It’s hard to affix a predominant style to Movemeants II, although the influences are strong. Aside from the usual suspects the most personified at certain points is perhaps a turn-of-the-millenium Timbaland, which is no surprise as Jansport himself has described the producer as his inspirational catalyst for making serious moves in music.

By no means does this ever become overbearing though, in fact Jansport comes across as definitive in his own sound here as he probably ever has, a quality that always helps the listener through a near-hour long instrumental album. The sitar-string frenzy on the albums curtain raiser “The Reprise” begins an exotic vibe that continues through to the spectral vocal chant that submerges and resurfaces between the drum beat on “The Omen”, and embodies the potent woodwind on “Peace Pipe”.

Later on, “Entertain You” ushers in a mellow act around the middle of the album drawing on the rich resources of soul and jazz.  Emotive melodies and intricate instrumentation drive these tracks that may well be telling a narrative. Elsewhere on the other end of the scale Jansport brings the ruckus with tracks like “Gritty”, which earns its title via dusty drums and reverberating piano keys, and potentially my favourite track on the album – “Droppin Science”.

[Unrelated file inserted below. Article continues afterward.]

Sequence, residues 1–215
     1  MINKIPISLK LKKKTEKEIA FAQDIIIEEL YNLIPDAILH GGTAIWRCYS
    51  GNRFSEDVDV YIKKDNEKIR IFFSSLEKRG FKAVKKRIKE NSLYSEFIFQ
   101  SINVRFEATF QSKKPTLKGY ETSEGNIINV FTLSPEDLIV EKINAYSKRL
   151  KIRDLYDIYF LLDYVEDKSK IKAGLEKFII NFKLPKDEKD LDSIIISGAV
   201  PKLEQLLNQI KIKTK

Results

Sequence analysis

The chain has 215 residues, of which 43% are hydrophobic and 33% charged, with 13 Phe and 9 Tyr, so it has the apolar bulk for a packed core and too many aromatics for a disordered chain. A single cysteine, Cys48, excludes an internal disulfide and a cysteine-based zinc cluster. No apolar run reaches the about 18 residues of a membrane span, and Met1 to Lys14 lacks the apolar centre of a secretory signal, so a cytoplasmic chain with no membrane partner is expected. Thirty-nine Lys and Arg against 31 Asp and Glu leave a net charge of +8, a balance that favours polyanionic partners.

The drum structure remains thorough on “1234567” and “Exhale, Excel” which boasts the achievement of roughly 15 minutes of replay before I continued to progress through the rest of the album.  Now, you know when you hear a great introduction to a song but it lets you down 10 seconds into it? – “Sun Down” isn’t one of those tracks. The drums roll in with great form as the strings paint reflective imagery akin to the aftermath of a showdown between two samurai who had a metric fuck tonne of respect for each other.

This illustrative quality of the production coupled with a healthy competency of styles on display keeps things moving generally well. However if you’re looking for a cohesive listening experience you may not find it, but that’s not necessarily a bad thing. It feels more like a collage, or a playlist already set to shuffle.  At times though I would have welcomed more experimentation with a handful of certain tracks that felt a little too neat and tidy, but this is a very minor gripe from an otherwise solid album.  It doesn’t depart too drastically from the previous MoveMeants but it is after all an aesthetic sequel, and there’s definitely enough progression to avoid the label “more of the same”.  In all, Jansport J cements the last couple of years’ output with a strong step forward.

[wpaudio url=”″ text=”Jansport J – Droppin Science” dl=”0″]

[wpaudio url=”″ text=”Jansport J – Sun Down” dl=”0″]

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